• COMPARATIVE EXAMPLE 2 (CE2)Preparation of a Polyurethane Vinyl Hybrid (NCO/OH Ratio>1.75)
  • A 2000 cm3 flask equipped with a thermometer and overhead stirrer was charged with DMPA (44.0 g), Priplast 3192 (565.0 g), MMA (220.0 g), IPDI (271.0 g) and lonol CP (0.33 g). The NCO/OH ratio was 2.0.
  • This mixture was heated to 50° C. and tin octoate (0.16 g) was added. The reaction was allowed to exotherm to 90° C. After the exotherm was complete the reaction was kept at 90° C. for 1 hour and another portion of tin octoate (0.16 g) was added. After that, the reaction temperature was maintained at 90° C. for an additional 1 hour.
  • The NCO-content of the isocyanate-terminated pre-polymer was 4.38% (theoretical 4.66%). After cooling the pre-polymer to 75° C., TEA (29.9 g) was added.
  • A dispersion of the isocyanate-terminated pre-polymer was made by feeding 950.1 g of the TEA neutralised, isocyanate-terminated pre-polymer over 1 hour to 1615 g of deionised water. The isocyanate-terminated pre-polymer temperature during dispersion was kept at 70° C. and the dispersion temperature was controlled at 25° C. When the pre-polymer feed was completed, a 15.2% hydrazine solution (86.3 g) was added together with water (15.0 g) to effect chain-extension (0.85 SA on residual NCO content).
  • Fifteen minutes after completion of chain-extension, a 10% aqueous solution of tBHPO (9.26 g) was added together with a 1% aqueous solution of FeEDTA (0.92 g). The radical polymerisation for producing a polyurethane vinyl hybrid dispersion was executed by feeding a 2.5% aqueous solution (pH adjusted to 8) of iso-ascorbic acid (22.2 g).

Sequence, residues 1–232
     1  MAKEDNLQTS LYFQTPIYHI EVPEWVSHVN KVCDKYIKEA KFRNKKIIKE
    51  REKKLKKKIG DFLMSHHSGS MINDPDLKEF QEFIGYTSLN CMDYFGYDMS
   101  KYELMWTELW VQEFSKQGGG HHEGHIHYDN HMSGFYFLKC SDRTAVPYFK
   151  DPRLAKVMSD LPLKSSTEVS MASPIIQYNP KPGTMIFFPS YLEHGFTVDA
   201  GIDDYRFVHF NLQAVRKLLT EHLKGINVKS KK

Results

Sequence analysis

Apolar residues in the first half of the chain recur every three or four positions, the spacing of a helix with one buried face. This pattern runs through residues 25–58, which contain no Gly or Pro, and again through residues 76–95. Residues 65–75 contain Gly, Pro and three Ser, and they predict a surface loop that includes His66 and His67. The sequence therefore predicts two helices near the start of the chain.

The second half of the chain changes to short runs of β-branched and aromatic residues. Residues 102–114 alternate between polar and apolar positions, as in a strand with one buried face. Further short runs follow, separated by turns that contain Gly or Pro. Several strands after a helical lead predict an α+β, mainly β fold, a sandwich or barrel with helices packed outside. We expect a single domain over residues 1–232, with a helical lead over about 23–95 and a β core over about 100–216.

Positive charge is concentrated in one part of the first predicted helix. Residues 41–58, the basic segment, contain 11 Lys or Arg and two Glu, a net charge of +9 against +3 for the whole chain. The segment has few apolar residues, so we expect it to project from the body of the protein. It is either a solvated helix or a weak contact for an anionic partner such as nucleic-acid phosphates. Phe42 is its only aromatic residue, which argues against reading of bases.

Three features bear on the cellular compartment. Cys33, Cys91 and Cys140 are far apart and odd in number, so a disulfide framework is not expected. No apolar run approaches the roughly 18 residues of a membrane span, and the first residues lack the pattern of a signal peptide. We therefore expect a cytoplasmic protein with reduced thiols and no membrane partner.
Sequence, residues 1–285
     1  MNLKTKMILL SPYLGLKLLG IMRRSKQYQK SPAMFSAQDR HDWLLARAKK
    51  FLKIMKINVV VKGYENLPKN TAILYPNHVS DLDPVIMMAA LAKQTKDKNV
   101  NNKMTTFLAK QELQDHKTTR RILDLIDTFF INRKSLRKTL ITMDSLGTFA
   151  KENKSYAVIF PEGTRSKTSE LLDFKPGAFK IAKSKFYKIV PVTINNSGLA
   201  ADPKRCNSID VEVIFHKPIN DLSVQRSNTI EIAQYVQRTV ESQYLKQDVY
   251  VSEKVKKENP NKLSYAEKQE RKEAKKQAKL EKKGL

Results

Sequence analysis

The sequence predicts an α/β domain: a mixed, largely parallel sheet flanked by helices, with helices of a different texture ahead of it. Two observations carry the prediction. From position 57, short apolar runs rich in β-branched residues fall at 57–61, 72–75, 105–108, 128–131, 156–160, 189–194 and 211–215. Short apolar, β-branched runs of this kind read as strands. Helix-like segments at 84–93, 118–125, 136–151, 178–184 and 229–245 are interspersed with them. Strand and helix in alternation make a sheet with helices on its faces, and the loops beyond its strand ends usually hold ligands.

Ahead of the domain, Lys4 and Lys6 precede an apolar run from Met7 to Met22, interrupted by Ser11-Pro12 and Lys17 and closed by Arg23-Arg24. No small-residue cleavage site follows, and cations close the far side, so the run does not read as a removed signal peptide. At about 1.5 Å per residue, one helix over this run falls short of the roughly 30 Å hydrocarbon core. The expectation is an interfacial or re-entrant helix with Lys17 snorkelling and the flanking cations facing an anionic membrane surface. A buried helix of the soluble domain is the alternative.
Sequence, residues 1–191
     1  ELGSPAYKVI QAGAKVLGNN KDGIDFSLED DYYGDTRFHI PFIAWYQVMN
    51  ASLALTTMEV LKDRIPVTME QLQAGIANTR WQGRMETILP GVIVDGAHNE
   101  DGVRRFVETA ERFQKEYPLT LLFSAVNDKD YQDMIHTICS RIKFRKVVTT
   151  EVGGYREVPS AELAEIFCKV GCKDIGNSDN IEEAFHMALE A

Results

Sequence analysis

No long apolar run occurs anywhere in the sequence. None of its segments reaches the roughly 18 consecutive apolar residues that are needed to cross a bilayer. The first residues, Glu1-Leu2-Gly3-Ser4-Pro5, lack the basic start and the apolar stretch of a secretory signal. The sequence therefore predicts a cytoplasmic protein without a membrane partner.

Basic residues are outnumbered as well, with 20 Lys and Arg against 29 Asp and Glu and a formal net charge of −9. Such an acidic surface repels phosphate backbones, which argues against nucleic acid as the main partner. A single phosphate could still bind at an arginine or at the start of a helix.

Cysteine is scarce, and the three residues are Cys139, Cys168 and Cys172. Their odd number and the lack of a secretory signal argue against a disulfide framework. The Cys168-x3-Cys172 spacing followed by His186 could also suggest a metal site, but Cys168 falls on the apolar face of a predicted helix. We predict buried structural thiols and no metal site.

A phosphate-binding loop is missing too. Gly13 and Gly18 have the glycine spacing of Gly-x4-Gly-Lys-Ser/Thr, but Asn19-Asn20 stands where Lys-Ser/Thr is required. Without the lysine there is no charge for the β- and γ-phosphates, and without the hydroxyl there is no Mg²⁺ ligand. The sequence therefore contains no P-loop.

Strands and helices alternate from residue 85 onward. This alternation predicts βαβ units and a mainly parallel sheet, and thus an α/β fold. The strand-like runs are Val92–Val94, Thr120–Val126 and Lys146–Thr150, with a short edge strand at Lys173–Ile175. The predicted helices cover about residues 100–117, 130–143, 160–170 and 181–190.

• The batch was filtered through a filter cloth to remove any coagulum formed during the reaction. The solids content of the resultant aqueous binder dispersion was 35%.
  • The overall polyurethane/vinyl polymer ratio of CE2 was 80/20 wt % and the vinyl polymer had a calculated Tg of 105° C.
  • COMPARATIVE EXAMPLE 3 (CE3) Preparation of a Polyurethane Vinyl Hybrid
  • Comparative example CE3 was prepared as comparative example CE2 above, except that the vinyl polymer had a calculated Tg of −50° C.
  • COMPARATIVE EXAMPLE 4 (CE4) Preparation of a Polyurethane Vinyl Hybrid (20/80)
  • A 1000 cm3 flask equipped with a thermometer and overhead stirrer was charged with DMPA (20.0 g), Priplast 3192 (283.2 g), MMA (33.5 g), BA (66.5 g), IPDI (96.8 g) and lonol CP (0.15 g) (an inhibitor to prevent premature polymerisation of the vinyl monomers). The NCO/OH ratio was 1.50.
  • This mixture was heated to 50° C. and tin octoate (0.08 g) was added. The reaction was allowed to exotherm to 90° C. After the exotherm was complete the reaction was kept at 90° C. for 1 hour and another portion of tin octoate (0.08 g) was added. After that, the reaction temperature was maintained at 90° C. for an additional 1 hour.